Steel Prices Drop, Reversing Course in Sign Mills Ramped Up Too Quickly
After a brief, summer-long stretch of rising demand, steel prices are starting to decline, indicating that moves to increase production may have been too much too soon.
Hot-rolled steel, a benchmark grade that typically is processed into cars, building structures or appliances, cost about $600 to $620 a metric ton in August. Now it can be had for about $550-$570 a ton, a drop of about 8%, according to World Steel Dynamics, a steel research firm.
Joann Jamison, left, prepares a shipment at Arcelor's plant in Weirton, W.V.
Steelmakers, with their exposure to a wide variety of end markets, from consumers to industrial users, are generally a leading indicator of economic strength. The fall in steel prices also has broader ramifications, affecting the prices of iron ore and shipping rates.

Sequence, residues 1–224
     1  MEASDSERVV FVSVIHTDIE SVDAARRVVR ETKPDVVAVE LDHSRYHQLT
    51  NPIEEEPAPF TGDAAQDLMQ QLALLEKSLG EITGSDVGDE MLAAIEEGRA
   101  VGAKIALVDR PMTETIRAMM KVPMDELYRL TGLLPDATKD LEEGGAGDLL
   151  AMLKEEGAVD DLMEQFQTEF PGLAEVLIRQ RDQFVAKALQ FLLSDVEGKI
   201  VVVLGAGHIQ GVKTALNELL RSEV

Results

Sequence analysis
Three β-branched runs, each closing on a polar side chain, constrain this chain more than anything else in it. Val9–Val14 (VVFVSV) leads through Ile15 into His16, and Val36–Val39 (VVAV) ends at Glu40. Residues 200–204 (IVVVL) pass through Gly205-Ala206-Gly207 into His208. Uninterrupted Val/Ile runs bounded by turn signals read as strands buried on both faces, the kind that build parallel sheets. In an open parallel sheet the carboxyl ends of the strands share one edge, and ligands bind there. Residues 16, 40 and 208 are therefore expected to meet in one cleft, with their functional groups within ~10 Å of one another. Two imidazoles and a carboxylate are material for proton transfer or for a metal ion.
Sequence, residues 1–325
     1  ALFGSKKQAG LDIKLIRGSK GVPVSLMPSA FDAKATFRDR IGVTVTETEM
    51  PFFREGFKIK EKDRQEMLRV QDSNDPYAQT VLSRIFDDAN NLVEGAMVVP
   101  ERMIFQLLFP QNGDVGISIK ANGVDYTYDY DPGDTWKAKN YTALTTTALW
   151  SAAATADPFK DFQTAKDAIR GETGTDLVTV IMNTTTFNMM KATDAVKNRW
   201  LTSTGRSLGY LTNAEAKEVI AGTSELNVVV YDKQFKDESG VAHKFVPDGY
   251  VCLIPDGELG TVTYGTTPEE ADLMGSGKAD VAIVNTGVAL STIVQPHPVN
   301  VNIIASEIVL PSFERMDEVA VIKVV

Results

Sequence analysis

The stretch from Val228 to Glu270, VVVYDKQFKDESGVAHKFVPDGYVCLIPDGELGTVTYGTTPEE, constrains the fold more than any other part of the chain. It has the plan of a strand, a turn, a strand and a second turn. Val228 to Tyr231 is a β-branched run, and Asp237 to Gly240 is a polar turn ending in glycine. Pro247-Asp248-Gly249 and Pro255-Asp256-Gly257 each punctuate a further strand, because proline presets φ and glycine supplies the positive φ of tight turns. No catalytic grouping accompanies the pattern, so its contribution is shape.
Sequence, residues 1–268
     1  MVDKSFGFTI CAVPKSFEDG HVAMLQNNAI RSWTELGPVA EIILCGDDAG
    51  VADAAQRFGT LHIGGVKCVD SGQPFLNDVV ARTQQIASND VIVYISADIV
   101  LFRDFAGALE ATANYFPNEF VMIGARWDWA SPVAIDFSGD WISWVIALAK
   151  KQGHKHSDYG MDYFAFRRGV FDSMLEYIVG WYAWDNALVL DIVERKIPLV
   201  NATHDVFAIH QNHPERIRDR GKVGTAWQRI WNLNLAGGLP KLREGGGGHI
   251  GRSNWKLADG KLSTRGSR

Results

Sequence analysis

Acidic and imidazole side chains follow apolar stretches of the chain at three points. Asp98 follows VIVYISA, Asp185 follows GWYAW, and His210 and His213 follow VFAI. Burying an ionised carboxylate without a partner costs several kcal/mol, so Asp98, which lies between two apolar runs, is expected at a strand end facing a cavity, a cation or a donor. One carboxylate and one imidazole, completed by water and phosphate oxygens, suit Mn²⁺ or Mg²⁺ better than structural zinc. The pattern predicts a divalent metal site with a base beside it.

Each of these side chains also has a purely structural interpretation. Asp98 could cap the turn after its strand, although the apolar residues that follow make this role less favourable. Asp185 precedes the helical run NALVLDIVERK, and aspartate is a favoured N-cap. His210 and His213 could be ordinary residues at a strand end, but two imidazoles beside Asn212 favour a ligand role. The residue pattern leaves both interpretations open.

When governments, especially China, rolled out stimulus packages, steelmakers saw an opportunity to bring production back online, after having made steep cutbacks earlier in the recession. ArcelorMittal, the world's largest steelmaker by output, began firing back up its mills in the U.S., Europe and elsewhere. Baosteel Group Co., the largest steelmaker in China, started to increase production to meet rising consumer demand. Appliance sales in China increased 12% in July from a year earlier, while auto sales increased 52%.
The quick return to falling prices after a short upturn underscores the tenuous and uneven nature of the world's economic recovery, with some countries and markets showing strength and others remaining flat or weak. It also illustrates the uncertainty of whether real demand is returning or whether customers and producers are simply replacing inventory, only to stop purchasing if demand doesn't increase from car makers, construction companies, appliance makers and other end users.